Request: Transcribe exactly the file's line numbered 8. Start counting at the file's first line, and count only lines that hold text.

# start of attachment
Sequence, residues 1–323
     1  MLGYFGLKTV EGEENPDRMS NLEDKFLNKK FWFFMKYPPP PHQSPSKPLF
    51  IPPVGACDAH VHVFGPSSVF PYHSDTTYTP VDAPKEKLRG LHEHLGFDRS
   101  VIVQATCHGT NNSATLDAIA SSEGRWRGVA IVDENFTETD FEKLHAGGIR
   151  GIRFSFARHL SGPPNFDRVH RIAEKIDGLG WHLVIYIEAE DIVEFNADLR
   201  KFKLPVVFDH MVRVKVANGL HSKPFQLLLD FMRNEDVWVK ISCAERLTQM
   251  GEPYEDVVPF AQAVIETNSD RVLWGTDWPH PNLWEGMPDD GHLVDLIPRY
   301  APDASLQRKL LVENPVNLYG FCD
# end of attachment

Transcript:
   301  APDASLQRKL LVENPVNLYG FCD